Murder and romance highlight a morning of one-acts Saturday

Katie McLean | Staff PhotographerActors Nancy Karp and Ralph Walton share a laugh while rehearsing the parts of Ruth and Harry LeBlanc in the one-act production of Alexandra Wednesday afternoon in Fletcher Music Hall.

Katie McLean | Staff Photographer

Actors Nancy Karp and Ralph Walton share a laugh while rehearsing the parts of Ruth and Harry LeBlanc in the one-act production of Alexandra Wednesday afternoon in Fletcher Music Hall.

On Sept. 29, 1929, a friendly game of bridge ended with murder.

After a couple lost a game of bridge to their friends, Myrtle Adkins Bennett shot her husband — while the neighbors were still in the living room.

The case, which made headlines across the nation as the “Bridge Table Murder,” is the inspiration for the one-act play David Zinman wrote titled Hearts, Spades & Bullets. This play will be presented at 10 a.m. Saturday in Fletcher Music Hall along with another of Zinman’s one-acts, Alexandra. The event is sponsored by the Friends of Chautauqua Theater. It is free to attend, though a donation is suggested; all donations will go toward CTC’s scholarship funds.

Of course, the 1929 murder case is more complicated than simply losing a bridge game. Throughout his work, Zinman weaves the actual events that took place that night as well as those that took place during the case — the domestic violence, the philandering husband and the dramatic trail. And, true to theatrical form, the end is a surprise.

“The true story has the most unusual ending,” said Bob McClure, a member of the Friends and the director of both productions. “It’s kind of like your mouth drops at the end of this play.”

The inspiration for the play came when Zinman was in a class learning how to play bridge. On the last day of the course, the teacher brought in one of the many newspapers that featured the murder on its front page.

“The teacher told us the story; it was so incredible,” Zinman said. “It’s a real story, a real case, and I thought that it could be used as drama.”

This will be the show’s second appearance at Chautauqua Institution — Zinman noted that it’s back by popular demand. Interestingly enough, his play will also appear at a regional bridge tournament later this year.

His other show, Alexandra, centers on Eddie, a bedridden reporter in New Orleans who rekindles a friendship in New York City with Harry, a former colleague. As the story progresses, Harry tells Eddie about a beautiful woman he has met named Alexandra. Eddie, whose wife has passed away, begins to fall for the woman despite having never met her.

This show was inspired by Zinman’s own experiences working for New York City’s Newsday and for the Associated Press in Louisiana. McClure said that almost all of the playwright’s shows are partially autobiographical.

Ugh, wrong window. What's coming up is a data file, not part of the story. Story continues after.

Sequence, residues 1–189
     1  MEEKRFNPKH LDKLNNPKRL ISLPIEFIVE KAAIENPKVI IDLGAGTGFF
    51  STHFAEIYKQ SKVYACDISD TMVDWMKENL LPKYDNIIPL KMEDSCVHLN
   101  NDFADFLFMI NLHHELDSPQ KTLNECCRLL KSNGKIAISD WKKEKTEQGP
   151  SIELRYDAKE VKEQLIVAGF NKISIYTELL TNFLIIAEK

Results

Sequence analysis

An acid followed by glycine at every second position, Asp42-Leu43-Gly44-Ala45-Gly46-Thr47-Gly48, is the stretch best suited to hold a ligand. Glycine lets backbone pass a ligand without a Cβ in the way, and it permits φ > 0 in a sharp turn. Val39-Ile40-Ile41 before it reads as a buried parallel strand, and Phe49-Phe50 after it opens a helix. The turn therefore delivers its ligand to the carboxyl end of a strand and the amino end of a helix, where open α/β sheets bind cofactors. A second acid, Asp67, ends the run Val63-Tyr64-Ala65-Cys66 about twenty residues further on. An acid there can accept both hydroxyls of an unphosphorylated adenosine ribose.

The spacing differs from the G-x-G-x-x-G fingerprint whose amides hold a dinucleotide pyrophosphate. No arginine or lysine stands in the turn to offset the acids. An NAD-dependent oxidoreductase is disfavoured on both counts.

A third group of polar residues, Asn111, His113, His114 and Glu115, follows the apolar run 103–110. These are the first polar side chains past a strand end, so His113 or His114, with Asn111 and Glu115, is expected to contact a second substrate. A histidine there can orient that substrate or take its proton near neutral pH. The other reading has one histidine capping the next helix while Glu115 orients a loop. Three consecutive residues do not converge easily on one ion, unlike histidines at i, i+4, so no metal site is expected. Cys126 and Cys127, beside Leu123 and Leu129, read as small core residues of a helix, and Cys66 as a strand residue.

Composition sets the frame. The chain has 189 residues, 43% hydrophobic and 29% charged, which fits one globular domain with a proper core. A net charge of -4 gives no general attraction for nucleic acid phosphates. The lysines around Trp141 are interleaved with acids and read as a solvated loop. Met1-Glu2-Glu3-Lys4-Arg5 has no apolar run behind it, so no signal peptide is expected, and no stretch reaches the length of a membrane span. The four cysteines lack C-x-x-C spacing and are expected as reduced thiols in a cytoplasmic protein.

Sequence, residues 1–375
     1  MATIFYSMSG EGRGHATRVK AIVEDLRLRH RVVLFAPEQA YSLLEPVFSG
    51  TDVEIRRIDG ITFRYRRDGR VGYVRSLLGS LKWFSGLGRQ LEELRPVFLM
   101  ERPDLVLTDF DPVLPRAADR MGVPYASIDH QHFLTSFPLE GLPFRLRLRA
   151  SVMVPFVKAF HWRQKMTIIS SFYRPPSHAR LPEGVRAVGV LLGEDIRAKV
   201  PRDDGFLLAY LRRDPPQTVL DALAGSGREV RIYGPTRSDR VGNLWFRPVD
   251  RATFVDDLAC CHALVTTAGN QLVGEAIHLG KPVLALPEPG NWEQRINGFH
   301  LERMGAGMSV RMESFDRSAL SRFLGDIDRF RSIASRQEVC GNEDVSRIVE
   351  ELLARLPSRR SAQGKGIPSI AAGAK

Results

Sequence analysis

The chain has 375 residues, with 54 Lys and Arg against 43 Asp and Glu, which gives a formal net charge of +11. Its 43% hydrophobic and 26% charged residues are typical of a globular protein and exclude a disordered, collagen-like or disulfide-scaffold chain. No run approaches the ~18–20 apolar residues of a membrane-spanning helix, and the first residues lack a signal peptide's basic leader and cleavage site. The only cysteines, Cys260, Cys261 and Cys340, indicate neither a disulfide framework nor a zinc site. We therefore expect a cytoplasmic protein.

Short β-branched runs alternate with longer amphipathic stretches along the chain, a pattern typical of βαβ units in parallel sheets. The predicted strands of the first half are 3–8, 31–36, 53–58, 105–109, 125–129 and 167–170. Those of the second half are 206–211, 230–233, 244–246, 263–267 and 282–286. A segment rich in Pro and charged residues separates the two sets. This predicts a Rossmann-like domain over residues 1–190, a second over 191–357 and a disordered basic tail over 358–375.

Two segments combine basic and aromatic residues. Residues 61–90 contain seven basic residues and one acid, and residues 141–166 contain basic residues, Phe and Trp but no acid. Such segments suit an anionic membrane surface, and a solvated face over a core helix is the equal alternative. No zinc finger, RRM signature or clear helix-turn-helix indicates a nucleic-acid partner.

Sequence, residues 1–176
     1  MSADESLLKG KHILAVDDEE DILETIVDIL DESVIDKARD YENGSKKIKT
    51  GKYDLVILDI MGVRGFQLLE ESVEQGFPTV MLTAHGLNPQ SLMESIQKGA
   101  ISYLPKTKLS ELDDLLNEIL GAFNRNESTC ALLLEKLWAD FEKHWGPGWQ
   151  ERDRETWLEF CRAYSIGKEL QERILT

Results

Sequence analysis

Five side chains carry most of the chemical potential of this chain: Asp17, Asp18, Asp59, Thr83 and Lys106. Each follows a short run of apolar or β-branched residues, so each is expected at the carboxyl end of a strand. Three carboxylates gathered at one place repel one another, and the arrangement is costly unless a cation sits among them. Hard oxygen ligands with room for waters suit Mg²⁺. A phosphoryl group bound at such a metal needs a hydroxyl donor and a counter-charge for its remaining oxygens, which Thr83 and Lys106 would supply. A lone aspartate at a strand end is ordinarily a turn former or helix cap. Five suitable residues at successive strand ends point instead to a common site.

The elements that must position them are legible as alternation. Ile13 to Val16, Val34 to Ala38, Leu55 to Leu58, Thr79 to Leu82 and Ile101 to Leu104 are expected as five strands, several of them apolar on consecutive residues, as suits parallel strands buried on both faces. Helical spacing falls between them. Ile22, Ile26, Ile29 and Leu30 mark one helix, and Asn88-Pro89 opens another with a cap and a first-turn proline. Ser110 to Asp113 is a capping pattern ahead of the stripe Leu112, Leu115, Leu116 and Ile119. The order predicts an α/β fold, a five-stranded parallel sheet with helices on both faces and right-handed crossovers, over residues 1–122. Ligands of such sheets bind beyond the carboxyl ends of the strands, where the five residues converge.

Zinman has written three full-length plays and about a dozen one-acts. His pieces have premiered at places such as Louisiana State University and the University of South Carolina Upstate. Additionally, his one-act play Mr. Smart Ass was a finalist in the 2009 One-Act Play Contest sponsored by the Tennessee Williams New Orleans Literary Festival.

But before any of his works made it into a competition or a college theater, they all got their start here at Chautauqua, with staged readings in Elizabeth S. Lenna Hall, Smith Wilkes Hall or Fletcher Music Hall.

These staged readings have been a tradition for the season’s last weekend for nearly a decade. Featuring cast members from a play reading group that McClure oversees, Saturday’s readings will use minimal props and sets.

The play reading group meets during the off-season to read approximately eight plays, two of which are pieces that CTC will produce next season. For example, the group will read A Raisin in the Sun during the upcoming off-season.

“Working on something and seeing it come to life, and the opportunity to give a little more support to something that I am fairly passionate about — it helps me sharpen my skills,” McClure said. “It also gives the readers who are in the play reading yet another opportunity to get better and to see that world [of theater] a little differently.”

For Zinman, this is an opportunity to workshop his plays with the help of an audience. After the two one-acts, each lasting between 30 and 45 minutes, there will be a talkback session for the audience to give their thoughts about each piece. This process is similar to that of CTC’s New Play Workshop series, in which playwrights have the opportunity to experience their work on its feet and to continue developing their pieces after the reading.

“When you write a play, you don’t hear your words; you’re just looking at them on paper,” Zinman said. “It’s a lot different when you hear it. That gives the playwright a chance to hear how the words sound in theater.”

McClure sees directing the two shows, even without all the theatrical glam of Bratton Theater, as a way to keep Chautauquans involved and learning about theater until the season’s end.

“[The audience] will get two terrific shows,” he said. “These are really interesting stories; that’s always good theater anyway.”